The Qualified Mortgage Rule went into effect Friday. By Tuesday The House Subcommittee on Financial Institutions and Consumer Credit had already held a hearing entitled, “How Prospective and Current Homeowners Will Be Harmed by the CFPB’s Qualified Mortgage Rule.” The goal of the meeting was to take a closer look at the qualified mortgage (QM) rule and its potential effects on borrowers. I believe some unintended consequences are going to take place with the QM rule. Below are some quotes from different politicians and business leaders expressing their concerns:
“Individuals might be shut out of lending. Farmers, for example, without much credit, young farmers, who are trying to take over the family farm, may not receive a loan under QM,” said Jack Hartings, president and CEO of The People’s Bank Company, on behalf of the ICBA.
“Housing is making a recovery—though not as fast or as vigorously as we all hope,” said Bill Emerson, CEO of Quicken Loans and vice chairman of the MBA. “Housing starts are generally up. Sales prices have increased in many areas across the country, pulling many homeowners above water for the first time in years. I think when you look at low income areas, there will be a lot of people who will feel left out with the QM rule.”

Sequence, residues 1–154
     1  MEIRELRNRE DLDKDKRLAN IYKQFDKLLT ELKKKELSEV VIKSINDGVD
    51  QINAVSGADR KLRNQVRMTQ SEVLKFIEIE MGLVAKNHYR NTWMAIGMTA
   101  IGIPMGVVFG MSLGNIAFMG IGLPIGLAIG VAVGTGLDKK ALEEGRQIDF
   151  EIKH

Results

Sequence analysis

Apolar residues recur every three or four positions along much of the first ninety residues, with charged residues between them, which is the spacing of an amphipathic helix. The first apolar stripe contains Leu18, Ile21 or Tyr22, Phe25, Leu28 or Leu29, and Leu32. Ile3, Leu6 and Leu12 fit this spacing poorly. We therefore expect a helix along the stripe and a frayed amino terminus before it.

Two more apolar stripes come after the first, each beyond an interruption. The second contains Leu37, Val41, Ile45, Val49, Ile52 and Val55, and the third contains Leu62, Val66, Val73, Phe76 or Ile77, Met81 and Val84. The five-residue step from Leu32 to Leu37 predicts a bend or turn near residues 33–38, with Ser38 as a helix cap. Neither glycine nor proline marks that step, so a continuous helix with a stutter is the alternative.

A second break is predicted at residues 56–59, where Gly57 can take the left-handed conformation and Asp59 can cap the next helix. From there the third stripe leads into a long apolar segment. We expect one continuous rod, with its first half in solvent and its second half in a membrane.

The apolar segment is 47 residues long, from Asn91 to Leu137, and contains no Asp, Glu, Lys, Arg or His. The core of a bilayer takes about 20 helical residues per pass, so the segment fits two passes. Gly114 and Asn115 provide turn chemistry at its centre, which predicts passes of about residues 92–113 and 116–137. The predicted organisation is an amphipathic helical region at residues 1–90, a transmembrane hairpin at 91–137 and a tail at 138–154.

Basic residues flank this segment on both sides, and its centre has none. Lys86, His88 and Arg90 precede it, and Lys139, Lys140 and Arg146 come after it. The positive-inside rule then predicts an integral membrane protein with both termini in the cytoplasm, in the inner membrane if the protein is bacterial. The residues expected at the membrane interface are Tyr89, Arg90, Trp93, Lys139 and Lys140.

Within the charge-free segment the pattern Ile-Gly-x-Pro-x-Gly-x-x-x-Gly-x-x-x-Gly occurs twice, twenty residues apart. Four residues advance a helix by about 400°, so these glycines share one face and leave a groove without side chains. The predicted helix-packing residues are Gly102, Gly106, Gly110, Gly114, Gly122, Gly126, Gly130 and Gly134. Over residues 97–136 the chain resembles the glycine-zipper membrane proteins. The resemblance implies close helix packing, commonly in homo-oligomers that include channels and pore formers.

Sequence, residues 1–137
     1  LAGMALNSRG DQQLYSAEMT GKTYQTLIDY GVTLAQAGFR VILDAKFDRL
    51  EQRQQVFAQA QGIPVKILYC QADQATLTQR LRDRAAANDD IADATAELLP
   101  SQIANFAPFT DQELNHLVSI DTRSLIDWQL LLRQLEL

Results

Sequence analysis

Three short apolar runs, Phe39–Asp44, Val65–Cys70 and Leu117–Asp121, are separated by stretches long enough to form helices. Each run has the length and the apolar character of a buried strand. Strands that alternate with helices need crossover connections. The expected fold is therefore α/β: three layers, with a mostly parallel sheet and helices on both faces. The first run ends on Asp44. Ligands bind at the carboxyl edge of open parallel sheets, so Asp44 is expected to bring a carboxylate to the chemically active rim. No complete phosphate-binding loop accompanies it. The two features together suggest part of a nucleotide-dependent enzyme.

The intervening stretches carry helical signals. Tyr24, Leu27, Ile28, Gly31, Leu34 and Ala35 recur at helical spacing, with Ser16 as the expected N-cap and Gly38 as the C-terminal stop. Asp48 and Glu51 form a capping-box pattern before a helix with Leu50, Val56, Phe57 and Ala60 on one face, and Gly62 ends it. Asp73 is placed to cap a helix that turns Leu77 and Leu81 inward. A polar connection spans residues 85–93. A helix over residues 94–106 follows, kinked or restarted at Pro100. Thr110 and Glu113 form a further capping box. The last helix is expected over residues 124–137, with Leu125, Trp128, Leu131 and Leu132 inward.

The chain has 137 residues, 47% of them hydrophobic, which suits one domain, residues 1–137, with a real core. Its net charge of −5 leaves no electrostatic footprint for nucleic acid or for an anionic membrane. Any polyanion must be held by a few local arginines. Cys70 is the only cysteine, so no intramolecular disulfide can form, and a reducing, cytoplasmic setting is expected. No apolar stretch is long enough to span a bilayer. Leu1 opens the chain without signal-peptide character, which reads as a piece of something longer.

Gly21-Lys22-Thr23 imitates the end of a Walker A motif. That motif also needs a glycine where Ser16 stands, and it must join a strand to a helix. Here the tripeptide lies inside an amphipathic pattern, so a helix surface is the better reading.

Rep. Sean Duffy (R-WI) stated flatly, “I don’t think this rule serves communities well. In the past, we spoke out against predatory lending and now, with QM, we’re basically saying it’s okay, even though we said it was wrong.”
Duffy is making an interesting point. He is saying that lenders have to hike up fees to cover the cost of non QM loans because of insurance and legal fees. This has the unintended consequence of harming lower-income borrowers and keeping them out of the housing market.
Currently, approximately 10% of the mortgages being made are non QM loans. The 10% are mostly made up of jumbo loans, loans in high-cost areas that require higher ratios to qualify, and lower income areas that Mr. Duffy addresses. Basically, all the loans that should not have been made during the financial crisis are gone including stated income, no asset, option arms, interest only 100% financing, etc.
Will QM go away? I don’t know. But the unintended consequences could change the playing field around. If 10% of the mortgages being made are suddenly gone, what does that do to a fragile housing market? Like all of us, I don’t want to see another mortgage crisis. But I believe the issues have already been addressed and taken care of. The QM rule is just piling on. The pressure from the Banks and Credit Unions is already great. If the housing market remains fragile The Administration will need to do something to get it going. If they believe the 10% of mortgages being made under non QM will boost the economy and not have a harmful effect down the road, then the potential is there to end QM. We will see!